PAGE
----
As a basis for these steps I'll be using "Running MySQL on Amazon EC2 with Elastic Block Store". The steps given in there are written prior to the Amazon AWS Management Console being available, so here I'll describe the changes necessary using the AMC. The steps in the article are also specificly for Ubuntu 8.04 LTS, but as you can see from the AMI I use as a starting point, I'm using Fedora 8. Only some of the commands differ, for the rest the steps work for both OSs. Í'll also be setting up Ext3 as filesystem, not XFS.
  1. Create an EBS volume with the AMC: click on Volumes on the left and click on the 'Create Volume' button. Enter the required capacity. AFAIK as long as you're not using the datablocks, you're not charged. So I put in 25GB as size. Select a zone (don't know how much it matters which one you pick, just make sure you stay in the same zone as your AMI). This should result in something like this:

    Now attach the volume to the instance as device /dev/sdf (in the original article sdh is used) via the 'Attach Volume' button. When successful, the 'Attachment Information' status field has changed to "attached":

  2. Now let's format the volume and mount it. For that I deviated from the article and followed the steps you can also see when you click on the 'Help' button on the (current) EBS Volumes page in AMC. Thus execute in your putty session:

    mkfs -t ext3 /dev/sdf

    Hit OK on any questions. Then create a directory to mount the EBS volume on. Let's use a more distintive name than '/vol'. Let's create:

    mkdir /ebsmnt

    Then mount it:

    mount /dev/sdf /ebsmnt

    Note: at my first effort, I wanted to use /mnt/data (in the Volumes 'Help' button in the AMC they also give /mnt as an example), so I created that directory. But: the bundling command you'll see below does not include the /mnt directory by default! So then the /mnt/data directory doesn't exist on the new AMI, and then the auto-mount from fstab at bootup of the AMI will always fail for that reason!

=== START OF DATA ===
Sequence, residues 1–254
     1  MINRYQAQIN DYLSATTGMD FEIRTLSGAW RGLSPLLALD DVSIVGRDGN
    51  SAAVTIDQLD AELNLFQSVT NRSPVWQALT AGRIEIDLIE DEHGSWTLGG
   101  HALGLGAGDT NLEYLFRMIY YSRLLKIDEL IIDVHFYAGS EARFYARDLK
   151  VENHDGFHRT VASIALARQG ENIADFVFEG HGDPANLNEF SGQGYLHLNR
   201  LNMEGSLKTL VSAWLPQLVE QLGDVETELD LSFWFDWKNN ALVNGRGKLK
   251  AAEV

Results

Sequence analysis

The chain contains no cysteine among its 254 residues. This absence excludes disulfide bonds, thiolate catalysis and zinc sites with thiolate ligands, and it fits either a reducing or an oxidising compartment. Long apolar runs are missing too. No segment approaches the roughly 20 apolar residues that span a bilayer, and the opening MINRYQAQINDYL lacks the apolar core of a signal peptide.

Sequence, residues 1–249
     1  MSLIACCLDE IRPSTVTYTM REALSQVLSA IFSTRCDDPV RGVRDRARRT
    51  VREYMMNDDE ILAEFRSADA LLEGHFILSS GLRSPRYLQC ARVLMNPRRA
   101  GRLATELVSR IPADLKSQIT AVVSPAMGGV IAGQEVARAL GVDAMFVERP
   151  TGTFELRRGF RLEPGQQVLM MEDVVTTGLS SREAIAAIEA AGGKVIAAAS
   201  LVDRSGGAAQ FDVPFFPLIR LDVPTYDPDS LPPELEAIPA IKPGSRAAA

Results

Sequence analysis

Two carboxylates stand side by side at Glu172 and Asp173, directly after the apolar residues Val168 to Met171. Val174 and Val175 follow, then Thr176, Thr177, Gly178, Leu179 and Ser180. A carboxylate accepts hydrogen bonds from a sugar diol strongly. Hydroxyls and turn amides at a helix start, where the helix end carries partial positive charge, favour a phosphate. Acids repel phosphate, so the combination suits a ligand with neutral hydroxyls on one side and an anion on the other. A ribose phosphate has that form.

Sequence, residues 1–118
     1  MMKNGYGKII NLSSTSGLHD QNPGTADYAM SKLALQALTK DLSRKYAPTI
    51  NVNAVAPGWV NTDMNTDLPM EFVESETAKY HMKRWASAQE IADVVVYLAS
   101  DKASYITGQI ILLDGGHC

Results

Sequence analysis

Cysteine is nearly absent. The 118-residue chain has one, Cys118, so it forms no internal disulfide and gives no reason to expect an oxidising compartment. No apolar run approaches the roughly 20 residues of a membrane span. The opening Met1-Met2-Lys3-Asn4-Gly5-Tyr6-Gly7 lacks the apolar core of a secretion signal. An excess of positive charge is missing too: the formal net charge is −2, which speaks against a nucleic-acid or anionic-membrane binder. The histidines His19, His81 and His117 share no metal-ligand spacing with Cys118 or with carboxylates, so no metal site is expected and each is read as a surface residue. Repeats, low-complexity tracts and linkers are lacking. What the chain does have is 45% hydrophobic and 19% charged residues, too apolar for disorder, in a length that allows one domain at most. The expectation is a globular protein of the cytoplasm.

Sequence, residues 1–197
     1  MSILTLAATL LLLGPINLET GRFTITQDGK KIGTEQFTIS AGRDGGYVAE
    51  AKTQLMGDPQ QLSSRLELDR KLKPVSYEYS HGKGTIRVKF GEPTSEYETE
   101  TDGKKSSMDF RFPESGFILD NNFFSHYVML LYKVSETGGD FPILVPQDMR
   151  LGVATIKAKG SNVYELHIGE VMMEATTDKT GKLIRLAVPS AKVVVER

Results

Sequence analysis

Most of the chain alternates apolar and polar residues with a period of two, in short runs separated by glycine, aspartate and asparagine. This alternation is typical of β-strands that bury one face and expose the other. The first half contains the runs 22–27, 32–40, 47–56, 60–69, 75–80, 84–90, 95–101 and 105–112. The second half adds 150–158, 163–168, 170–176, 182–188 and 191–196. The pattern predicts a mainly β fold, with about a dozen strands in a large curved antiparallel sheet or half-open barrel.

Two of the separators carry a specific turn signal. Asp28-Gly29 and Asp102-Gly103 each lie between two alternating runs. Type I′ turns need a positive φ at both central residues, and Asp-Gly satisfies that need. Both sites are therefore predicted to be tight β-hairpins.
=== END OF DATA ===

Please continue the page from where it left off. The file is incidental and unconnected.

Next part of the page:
3. Make sure the mount is performed at startup by adding it in /etc/fstab:

    /dev/sdf /ebsmnt ext3 defaults 0 0

  4. Backup the new config file to the EBS into its own separate directory, maybe you need it some time:

    mkdir /ebsmnt/configs
    rsync -a /etc/fstab /ebsmnt/configs/

Now let's tell MySQL to use the EBS volume to store its databases.
  1. Stop MySQL:

    /etc/init.d/mysqld stop

    And to be safe:

    killall mysqld_safe

  2. Move the existing database files. Since there isn't much yet except a couple of test databases, not much needs to be done. First let's make a separate dir for MySQL on the EBS volume:

    mkdir /ebsmnt/mysql


    cd /ebsmnt/mysql
    mkdir lib log

    And start moving stuff:

    mv /var/lib/mysql /ebsmnt/mysql/lib/
    mkdir /var/lib/mysql # Note that we need this dir for the mysql.sock file
    chown mysql:mysql /var/lib/mysql # Give it again the correct permissions
    mv /var/log/mysqld.log /ebsmnt/mysql/log/

  3. Tell MySQL to look on the mounted EBS from now on. Edit /etc/my.cnf and change it as below. The '# Was: ' indicates wat was there originally:

    # Was: datadir=/var/lib/mysql
    # Default to using old password format for compatibility with mysql 3.x
    # clients (those using the mysqlclient10 compatibility package).

    # Was: log-error=/var/log/mysqld.log

    Note that I put the log-error file also on the mount. The reason for this is that I want to have to logfile saved even when I shutdown an instance. If you don't care, you can leave it as it was.